• The results held for four individual-industry portfolios, with the exception of a negative but statistically insignificant alpha for the tobacco portfolio (which did, however, outperform during the financial crisis).
  • The vice portfolio not only exhibited lower overall volatility than the market portfolio, but also lower downside volatility, providing some protection against tail risk.
  • The statistically significant results for both the total portfolio and the specific, vice-industry portfolios imply that firm size, book-to-market and momentum factors help explain the vice portfolios’ performance.

Richey’s findings are consistent with those of prior research. A study by Harrison Hong and Marcin Kacperczyk, The Price of Sin: The Effect of Social Norms on Markets, which was published in the August 2009 issue of The Journal of Financial Economics, found that sin stocks outperform benchmarks by roughly 30 basis points per month. And Frank Fabozzi, K.C. Ma and Becky Oliphant, authors of the study Sin Stock Returns, which appeared in the Fall 2008 issue of The Journal of Portfolio Management, found that sin stocks outperformed by wide margins. They warned: “Trustees or fiduciaries who develop institutional investment policy statements should fully understand the economic consequences of screening out stocks of companies that produce a product inconsistent with their value systems. In addition, institutional investors should question if the cost to uphold common social standards is worthwhile.”

Unfortunately for investors interested in pursuing this type of strategy, there is currently only one mutual fund available in this space, specifically the USA Mutuals Barrier Fund Investor Class Shares (Liquid error: internal). I say “unfortunately” because the fund carries quite a sinful expense ratio of 1.48 percent. According to MutualFunds.com, despite its sinful expense ratio, for the 10-year period ended June 8, 2016, the fund returned 7.60 percent, outperforming the large blend fund category, which returned 6.71 percent, and slightly outperforming the much less expensive Vanguard 500 Index Fund (Liquid error: internal), which returned 7.51 percent.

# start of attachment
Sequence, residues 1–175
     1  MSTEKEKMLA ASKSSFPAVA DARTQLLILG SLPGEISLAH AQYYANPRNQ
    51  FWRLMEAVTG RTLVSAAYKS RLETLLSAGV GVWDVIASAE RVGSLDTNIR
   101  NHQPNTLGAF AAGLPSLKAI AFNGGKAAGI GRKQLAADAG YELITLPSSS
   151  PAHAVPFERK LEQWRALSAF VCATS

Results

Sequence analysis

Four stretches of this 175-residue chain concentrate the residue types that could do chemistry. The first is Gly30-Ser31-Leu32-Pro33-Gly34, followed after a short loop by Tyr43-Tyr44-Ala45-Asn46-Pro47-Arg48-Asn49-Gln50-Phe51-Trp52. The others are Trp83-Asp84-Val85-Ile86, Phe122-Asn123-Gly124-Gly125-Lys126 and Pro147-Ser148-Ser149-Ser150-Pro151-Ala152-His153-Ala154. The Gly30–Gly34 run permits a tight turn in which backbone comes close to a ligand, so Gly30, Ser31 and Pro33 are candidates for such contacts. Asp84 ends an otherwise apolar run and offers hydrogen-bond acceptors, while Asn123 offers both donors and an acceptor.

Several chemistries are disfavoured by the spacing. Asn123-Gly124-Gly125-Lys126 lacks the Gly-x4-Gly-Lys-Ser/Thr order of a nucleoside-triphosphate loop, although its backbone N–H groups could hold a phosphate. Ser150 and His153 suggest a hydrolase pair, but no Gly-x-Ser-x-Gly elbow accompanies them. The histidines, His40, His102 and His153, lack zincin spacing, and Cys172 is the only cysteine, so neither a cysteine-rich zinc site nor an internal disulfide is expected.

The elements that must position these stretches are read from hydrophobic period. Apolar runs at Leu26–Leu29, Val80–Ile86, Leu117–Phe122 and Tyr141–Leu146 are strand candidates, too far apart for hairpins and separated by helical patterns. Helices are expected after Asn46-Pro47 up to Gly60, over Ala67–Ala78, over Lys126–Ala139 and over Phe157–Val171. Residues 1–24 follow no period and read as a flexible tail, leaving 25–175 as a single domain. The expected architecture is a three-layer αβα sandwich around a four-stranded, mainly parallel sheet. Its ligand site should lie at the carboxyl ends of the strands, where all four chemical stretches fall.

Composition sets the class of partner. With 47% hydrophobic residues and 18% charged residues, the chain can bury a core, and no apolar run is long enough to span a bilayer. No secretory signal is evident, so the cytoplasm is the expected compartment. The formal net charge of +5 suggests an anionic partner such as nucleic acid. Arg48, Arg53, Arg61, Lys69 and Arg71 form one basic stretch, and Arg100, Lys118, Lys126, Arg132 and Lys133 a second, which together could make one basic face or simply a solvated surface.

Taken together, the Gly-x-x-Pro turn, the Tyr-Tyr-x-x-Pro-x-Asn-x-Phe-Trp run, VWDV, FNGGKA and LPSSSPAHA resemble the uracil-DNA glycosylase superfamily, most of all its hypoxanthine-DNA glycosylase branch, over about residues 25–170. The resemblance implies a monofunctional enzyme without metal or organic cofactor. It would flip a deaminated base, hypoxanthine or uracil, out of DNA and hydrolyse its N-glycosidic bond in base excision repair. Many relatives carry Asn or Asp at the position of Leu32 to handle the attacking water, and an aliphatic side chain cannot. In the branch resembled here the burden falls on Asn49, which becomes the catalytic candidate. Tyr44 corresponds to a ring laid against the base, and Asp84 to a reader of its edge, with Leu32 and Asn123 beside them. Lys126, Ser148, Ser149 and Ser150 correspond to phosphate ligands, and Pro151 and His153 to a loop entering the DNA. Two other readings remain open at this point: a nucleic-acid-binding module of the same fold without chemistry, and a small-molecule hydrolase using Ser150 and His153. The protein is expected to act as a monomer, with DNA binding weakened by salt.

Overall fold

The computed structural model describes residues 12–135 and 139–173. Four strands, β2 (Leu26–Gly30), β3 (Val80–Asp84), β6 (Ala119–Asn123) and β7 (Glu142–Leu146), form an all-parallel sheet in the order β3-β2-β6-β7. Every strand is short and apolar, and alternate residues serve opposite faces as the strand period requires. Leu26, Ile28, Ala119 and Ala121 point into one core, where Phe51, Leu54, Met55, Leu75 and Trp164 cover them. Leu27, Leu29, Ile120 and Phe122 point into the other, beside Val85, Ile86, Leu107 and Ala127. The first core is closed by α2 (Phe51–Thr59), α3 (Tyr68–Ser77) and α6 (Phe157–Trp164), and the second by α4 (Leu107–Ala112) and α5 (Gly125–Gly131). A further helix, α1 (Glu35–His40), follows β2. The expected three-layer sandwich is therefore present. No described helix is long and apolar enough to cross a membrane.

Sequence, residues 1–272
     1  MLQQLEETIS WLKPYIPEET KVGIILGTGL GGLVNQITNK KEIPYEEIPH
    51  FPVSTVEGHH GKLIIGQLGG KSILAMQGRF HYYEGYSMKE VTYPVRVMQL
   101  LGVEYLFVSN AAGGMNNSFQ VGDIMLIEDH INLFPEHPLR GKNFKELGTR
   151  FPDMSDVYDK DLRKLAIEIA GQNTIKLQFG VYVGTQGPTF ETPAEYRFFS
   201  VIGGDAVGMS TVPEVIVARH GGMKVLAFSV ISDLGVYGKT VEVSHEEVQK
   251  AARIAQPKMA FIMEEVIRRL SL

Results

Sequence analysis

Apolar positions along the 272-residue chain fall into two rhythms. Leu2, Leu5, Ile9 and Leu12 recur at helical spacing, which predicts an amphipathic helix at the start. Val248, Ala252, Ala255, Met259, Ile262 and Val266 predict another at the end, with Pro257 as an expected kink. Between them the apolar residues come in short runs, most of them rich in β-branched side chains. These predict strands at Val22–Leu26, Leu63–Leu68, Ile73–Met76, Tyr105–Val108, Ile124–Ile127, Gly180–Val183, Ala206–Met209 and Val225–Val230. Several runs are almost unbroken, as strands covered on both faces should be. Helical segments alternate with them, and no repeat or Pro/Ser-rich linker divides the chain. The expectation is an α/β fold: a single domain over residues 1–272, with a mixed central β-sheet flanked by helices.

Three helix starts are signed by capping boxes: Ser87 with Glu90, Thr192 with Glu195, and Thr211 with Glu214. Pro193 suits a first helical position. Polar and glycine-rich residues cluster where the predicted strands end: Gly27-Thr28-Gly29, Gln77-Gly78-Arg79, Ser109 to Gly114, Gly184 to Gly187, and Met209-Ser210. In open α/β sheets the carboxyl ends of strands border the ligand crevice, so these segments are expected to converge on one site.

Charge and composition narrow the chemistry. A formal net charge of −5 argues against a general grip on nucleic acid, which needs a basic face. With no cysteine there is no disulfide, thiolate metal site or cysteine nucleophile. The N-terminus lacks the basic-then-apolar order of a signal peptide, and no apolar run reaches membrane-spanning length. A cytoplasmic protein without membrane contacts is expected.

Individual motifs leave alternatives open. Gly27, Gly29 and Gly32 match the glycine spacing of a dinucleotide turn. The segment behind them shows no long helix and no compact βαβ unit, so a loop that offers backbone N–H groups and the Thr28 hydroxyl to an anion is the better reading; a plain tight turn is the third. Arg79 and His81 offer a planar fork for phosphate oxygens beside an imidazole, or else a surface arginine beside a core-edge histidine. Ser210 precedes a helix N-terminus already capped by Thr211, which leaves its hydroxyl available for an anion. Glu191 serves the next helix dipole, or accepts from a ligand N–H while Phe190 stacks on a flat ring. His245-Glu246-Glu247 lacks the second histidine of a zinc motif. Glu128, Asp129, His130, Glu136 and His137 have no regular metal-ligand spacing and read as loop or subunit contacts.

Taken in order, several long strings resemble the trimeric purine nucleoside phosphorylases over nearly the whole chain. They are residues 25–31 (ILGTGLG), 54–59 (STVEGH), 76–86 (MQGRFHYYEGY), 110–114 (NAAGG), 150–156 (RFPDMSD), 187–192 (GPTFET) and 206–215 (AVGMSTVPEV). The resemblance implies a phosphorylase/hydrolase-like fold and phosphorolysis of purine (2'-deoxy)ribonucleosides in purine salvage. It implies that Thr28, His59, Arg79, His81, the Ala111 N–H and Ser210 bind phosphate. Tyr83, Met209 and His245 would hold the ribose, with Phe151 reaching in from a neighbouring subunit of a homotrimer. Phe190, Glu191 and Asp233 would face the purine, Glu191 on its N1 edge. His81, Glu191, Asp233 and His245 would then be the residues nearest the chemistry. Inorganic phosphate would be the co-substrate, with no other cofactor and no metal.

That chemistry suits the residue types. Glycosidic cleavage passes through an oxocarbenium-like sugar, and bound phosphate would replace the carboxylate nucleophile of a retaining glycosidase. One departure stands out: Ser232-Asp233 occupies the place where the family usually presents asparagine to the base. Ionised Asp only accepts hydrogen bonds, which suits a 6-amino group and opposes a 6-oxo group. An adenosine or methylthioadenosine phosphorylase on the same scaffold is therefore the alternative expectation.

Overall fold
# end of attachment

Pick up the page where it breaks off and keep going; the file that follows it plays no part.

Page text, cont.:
We can also analyze the performance of the fund by using the regression analysis tool available at Portfolio Visualizer. For the period from October 2002 through April 2016, VICEX produced a four-factor (beta, size, value and momentum) alpha of 1.60 percent (though it wasn’t statistically significant), which is amazing given the burden imposed by the fund’s 1.48 percent expense ratio.

The Bottom Line

However, if we add the expense ratio back, the 3.04 percent gross alpha is fairly consistent with the 30-basis-points-per-month outperformance found by Richey. If we expand the analysis to include the quality and low-beta factors, the alpha becomes negative (though not statistically significant) at 0.77 percent, which would still be a positive 0.67 percent on a gross basis. At least before VICEX’s very high expenses, sin investing was rewarded. Perhaps what interested investors need is a less-sinful version of the fund (at least in terms of expense).

Sign up for Advisor Access

Receive email updates about best performers, news, CE accredited webcasts and more.

Popular Articles

Download our free report

Find out why $30 trillon is invested in mutual funds.

Why 30 trillion is invested in mutual funds book

Why 30 trillion is invested in mutual funds book

Download our free report

Find out why $30 trillon is invested in mutual funds.

Why 30 trillion is invested in mutual funds book

Download our free report

Find out why $30 trillon is invested in mutual funds.


Read Next